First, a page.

The remaining tracks are all in one or another of these same kind of grooves, and although there are times when the listener conflates one piece with another, each one, taken by itself, is excellent. Pruden’s piano, surprisingly, is much busier and more outgoing in Skyline. while One Game Away from Winter is pensive, almost a bit melancholy in tone. Forty Minutes or More alternates between quick, straightahead swing and slower, more pensive moments when the tempo is pulled back to allow for musings and explorations (and a fine drum solo).

Towards the end of the album, I felt that some of the pieces, e.g. Driving Westbound, sounded a bit too much like others on the CD, but overall this is an interesting excursion in Godfrey’s Dodge Caravan of music.

—© 2020 Lynn René Bayley

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Brian Scanlon Presents His Brain Scan!

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BRAIN SCAN / SCANLON: Brain Scan.2,5 El Entrometido.1 Re-Entry.2, 3 Not Watching (for Nancy).2, 3 I Hear Something.1 HAGEN-ROGERS: Harlem Nocturne.1 SCANLON: Mark’s Time.1,4 My Right Foot.2 Scandalized 2,5 / Brian Scanlon, t-sax/a-sax; 1Tom Ranier, 2Ed Czach, pno; 3Andrew Synowiec, 4Larry Koonse, 5Avery Scanlon, gtr; Trey Henry, bs; Peter Erskine, dm; Jeoy de Leon, perc / no label or number, available for digital sales online

Saxist Brian Scanlon has had a busy, active career for the past 32 years, working in television, movies and as a sideman for some top names in jazz, the most famous of which is probably Gordon Goodwin’s Big Phat Band, but this CD is his very first as a leader and principal composer.

Not too surprisingly, the music is, like that of Goodwin’s band, mainstream but with some interesting twists. Just as the Woody Herman Herd of 1944-46 was a breakthrough in the formulation and arrangement of musical materials within a “swing” orchestra, so too the Goodwin band was in our time, and this is the aesthetic that Scanlon follows here. Meter is sometimes extended or even varied from bar to bar, the melodic lines are fresh and original without actually breaking any ground, and the whole endeavor is a wonderfully refreshing return to the basics of jazz in the post-modern-and-free-jazz era.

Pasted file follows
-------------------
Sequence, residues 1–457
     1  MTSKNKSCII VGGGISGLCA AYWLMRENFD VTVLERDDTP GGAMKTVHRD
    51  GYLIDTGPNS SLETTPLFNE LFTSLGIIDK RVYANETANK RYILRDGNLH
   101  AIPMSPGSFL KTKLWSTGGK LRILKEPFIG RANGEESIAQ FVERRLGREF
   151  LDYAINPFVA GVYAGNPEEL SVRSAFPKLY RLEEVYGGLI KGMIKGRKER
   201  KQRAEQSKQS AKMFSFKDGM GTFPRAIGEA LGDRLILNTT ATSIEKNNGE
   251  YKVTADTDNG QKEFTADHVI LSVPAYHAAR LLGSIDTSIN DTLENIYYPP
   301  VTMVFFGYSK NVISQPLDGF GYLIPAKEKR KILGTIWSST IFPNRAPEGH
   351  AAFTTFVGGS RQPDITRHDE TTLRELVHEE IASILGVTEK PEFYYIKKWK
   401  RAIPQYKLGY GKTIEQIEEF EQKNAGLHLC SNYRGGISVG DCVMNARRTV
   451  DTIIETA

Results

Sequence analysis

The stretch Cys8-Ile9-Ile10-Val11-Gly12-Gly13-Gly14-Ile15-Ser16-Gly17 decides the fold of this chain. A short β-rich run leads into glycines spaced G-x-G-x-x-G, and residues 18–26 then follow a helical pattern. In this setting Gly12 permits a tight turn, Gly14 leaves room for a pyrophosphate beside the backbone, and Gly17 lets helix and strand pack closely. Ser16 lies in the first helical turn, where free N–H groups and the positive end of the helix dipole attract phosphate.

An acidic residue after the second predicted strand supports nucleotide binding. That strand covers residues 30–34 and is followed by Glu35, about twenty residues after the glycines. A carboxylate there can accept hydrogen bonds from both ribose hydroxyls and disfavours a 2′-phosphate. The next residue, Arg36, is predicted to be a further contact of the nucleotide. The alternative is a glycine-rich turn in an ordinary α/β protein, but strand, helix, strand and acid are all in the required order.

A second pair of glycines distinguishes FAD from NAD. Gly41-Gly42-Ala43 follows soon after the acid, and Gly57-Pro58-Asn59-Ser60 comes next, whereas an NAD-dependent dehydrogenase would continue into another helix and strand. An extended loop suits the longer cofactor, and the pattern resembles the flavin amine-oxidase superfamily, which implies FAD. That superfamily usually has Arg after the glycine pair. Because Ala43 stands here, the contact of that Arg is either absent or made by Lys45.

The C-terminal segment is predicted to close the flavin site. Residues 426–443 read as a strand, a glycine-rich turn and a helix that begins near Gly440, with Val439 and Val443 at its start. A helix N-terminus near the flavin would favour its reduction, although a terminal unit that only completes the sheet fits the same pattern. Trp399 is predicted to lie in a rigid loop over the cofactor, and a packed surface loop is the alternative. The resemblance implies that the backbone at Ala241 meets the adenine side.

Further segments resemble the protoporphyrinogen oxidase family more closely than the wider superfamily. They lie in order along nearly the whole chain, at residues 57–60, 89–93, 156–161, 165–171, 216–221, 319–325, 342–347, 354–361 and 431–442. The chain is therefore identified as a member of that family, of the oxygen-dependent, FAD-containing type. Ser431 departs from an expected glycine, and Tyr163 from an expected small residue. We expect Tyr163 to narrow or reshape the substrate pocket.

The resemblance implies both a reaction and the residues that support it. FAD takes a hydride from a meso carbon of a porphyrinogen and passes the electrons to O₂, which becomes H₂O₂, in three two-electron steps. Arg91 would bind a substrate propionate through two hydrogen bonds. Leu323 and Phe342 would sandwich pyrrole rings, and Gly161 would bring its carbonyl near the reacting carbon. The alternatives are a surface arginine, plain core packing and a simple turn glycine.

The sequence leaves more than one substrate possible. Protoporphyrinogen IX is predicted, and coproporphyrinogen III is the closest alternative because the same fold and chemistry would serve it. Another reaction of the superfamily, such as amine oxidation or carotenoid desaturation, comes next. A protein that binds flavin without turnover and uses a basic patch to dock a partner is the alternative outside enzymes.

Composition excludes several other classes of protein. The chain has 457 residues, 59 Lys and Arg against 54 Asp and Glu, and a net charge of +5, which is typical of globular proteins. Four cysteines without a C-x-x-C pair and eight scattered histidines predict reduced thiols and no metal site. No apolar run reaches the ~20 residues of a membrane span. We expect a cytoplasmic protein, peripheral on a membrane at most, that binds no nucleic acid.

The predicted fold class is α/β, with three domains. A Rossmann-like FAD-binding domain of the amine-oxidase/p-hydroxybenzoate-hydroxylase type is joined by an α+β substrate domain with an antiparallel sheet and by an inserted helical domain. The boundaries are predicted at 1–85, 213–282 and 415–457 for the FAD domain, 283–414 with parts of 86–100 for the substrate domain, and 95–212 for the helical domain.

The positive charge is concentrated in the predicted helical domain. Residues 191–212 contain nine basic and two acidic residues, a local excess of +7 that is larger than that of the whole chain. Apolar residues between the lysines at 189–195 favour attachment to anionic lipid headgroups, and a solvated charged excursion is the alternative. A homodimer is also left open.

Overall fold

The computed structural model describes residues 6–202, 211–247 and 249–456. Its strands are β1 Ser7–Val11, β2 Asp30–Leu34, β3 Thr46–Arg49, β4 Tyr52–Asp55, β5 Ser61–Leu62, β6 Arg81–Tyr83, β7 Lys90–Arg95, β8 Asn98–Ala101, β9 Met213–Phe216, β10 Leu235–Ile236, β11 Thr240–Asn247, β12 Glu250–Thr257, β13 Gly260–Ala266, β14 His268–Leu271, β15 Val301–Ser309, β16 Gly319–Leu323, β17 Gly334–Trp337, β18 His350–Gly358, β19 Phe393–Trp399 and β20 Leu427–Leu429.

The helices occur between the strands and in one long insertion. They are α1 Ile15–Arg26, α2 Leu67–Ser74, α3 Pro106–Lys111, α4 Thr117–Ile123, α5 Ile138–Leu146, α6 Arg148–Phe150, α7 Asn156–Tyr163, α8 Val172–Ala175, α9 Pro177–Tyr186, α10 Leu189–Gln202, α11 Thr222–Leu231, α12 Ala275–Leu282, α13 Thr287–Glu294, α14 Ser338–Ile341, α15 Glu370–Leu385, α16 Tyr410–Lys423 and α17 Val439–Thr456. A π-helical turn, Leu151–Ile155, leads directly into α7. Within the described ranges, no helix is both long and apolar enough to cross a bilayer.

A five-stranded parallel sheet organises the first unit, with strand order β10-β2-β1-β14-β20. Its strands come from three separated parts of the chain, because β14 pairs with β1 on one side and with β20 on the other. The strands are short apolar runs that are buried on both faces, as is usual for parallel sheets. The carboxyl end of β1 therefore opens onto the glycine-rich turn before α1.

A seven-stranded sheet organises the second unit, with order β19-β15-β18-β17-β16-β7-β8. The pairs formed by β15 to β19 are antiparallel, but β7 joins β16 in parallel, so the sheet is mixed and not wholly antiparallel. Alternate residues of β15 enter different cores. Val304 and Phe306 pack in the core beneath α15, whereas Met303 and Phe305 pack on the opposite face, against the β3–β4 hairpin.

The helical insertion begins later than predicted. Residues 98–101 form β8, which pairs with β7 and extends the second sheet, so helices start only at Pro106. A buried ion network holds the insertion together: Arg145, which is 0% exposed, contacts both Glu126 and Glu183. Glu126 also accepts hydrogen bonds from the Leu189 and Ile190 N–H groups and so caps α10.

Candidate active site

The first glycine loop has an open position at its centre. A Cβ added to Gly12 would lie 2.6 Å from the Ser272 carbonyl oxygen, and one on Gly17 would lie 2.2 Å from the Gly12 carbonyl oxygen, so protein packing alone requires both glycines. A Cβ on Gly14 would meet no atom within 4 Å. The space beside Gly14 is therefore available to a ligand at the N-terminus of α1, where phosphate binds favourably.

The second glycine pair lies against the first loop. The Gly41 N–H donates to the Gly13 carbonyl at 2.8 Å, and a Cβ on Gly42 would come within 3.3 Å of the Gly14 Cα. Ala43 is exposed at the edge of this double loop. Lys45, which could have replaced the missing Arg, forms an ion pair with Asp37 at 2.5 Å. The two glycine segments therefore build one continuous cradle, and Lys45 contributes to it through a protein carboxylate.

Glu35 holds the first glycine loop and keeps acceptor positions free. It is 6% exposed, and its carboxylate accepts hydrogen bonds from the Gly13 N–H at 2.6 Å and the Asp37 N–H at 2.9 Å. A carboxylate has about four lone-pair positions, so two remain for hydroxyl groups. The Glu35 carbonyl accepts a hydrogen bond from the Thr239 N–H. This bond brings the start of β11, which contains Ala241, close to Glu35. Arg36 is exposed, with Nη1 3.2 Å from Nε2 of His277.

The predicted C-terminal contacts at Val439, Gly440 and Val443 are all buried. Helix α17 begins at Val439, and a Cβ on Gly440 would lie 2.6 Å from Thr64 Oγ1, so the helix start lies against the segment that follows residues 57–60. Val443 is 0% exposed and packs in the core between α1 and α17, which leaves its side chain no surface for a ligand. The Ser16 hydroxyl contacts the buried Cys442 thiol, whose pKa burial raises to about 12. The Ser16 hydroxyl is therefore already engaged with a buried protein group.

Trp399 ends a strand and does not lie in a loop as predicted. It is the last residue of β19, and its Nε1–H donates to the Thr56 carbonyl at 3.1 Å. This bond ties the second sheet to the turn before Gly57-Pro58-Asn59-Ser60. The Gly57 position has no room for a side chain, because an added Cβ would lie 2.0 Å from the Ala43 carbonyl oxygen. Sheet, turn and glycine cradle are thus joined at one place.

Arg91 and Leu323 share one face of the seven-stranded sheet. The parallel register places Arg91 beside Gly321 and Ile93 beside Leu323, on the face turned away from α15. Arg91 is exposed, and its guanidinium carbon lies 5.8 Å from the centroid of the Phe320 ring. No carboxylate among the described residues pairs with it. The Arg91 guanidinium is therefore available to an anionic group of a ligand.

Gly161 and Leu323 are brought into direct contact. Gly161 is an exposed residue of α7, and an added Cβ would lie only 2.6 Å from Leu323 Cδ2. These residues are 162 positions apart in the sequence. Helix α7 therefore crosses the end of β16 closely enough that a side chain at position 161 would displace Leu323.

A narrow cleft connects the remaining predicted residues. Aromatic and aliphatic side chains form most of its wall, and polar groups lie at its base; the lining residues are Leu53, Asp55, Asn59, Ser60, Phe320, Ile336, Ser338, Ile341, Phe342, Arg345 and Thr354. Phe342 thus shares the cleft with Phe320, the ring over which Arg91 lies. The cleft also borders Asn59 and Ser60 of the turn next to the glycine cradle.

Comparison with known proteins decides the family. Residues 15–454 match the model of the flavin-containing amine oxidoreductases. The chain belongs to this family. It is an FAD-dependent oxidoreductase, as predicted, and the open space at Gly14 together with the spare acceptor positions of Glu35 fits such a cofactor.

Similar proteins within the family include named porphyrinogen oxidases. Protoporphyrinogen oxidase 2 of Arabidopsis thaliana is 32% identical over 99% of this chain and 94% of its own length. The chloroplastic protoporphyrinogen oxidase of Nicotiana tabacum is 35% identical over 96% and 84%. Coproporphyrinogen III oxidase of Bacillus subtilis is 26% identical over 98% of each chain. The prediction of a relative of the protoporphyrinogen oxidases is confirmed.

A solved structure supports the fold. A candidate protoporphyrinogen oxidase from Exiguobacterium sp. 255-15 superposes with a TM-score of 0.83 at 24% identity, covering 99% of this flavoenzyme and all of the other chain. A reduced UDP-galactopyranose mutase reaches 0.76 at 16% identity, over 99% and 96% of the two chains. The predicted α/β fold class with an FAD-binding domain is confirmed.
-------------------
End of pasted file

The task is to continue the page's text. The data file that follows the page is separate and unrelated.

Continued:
My sole caveat about the album is that guitarist Avery Scanlon’s playing veers a bit too far in the direction of rock music for my taste, as does the entire tune Re-Entry (sorry, but I generally despite jazz-rock). Otherwise, this is excellent, solid jazz that will delight you any time of year but particularly in the dead of winter (like now) or the heat of summer when you need a pick-me-up. Indeed, the second piece on this CD, El Entrometido, is one of the hardest-swinging pieces I’ve heard on a jazz CD in quite some time. It could easily be expanded on in orchestration and be part of Goodwin’s book. I also really liked I Hear Something, and I was delighted to find one of my favorite tunes of the swing era, Earle Hagen’s Harlem Nocturne, in an entirely new meter (or, actually, two mixed meters).

Mark’s Time is a particularly attractive piece, with a good, solid melodic line and some exquisite playing by veteran guitarist Larry Koonse. My Right Foot also has a nice medium swing beat to it, and a melodic line that sounds old thought it is not, with an excellent piano solo by Ed Czach. The leader’s solos throughout this set are fine, solid constructions that fit the surrounding material without necessarily providing anything new or exciting. The album closes with a ballad, Scandalized, which again sports a guitar solo that leans towards rock music.

Overall, however, this is a good CD, solidly written and played.

—© 2020 Lynn René Bayley

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Nick Finzer’s “Cast of Characters”

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CAST OF CHARACTERS / FINZER: A Sorcerer (is a Myth). Evolution Of…  …Perspective. Brutus, the Contemporary. Patience… …Patience. A Duke. (Take the) Fork in the Road. Weatherman. Venus. You’ll Never Know… …The Alternative. The Guru. We’re More Than the Sum of Our Influences / Nick Finzer, tb/ldr; Lucas Pino, t-sax/bs-cl; Alex Wintz, gtr; Glenn Zaleski, pno; Dave Baron, bs; Jimmy MacBride, dm / Outside in Music 2000